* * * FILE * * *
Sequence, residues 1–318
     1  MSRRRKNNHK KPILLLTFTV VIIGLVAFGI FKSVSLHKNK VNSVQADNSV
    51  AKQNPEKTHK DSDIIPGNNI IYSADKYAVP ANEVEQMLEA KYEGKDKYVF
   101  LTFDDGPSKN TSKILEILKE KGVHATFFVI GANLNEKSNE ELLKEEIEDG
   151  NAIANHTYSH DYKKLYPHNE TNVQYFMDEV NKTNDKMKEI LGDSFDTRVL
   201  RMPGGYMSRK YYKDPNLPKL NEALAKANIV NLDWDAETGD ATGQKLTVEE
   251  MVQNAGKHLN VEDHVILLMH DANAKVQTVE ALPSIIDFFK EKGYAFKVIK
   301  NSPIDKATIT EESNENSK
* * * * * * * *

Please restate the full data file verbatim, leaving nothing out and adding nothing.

Sequence, residues 1–318
     1  MSRRRKNNHK KPILLLTFTV VIIGLVAFGI FKSVSLHKNK VNSVQADNSV
    51  AKQNPEKTHK DSDIIPGNNI IYSADKYAVP ANEVEQMLEA KYEGKDKYVF
   101  LTFDDGPSKN TSKILEILKE KGVHATFFVI GANLNEKSNE ELLKEEIEDG
   151  NAIANHTYSH DYKKLYPHNE TNVQYFMDEV NKTNDKMKEI LGDSFDTRVL
   201  RMPGGYMSRK YYKDPNLPKL NEALAKANIV NLDWDAETGD ATGQKLTVEE
   251  MVQNAGKHLN VEDHVILLMH DANAKVQTVE ALPSIIDFFK EKGYAFKVIK
   301  NSPIDKATIT EESNENSK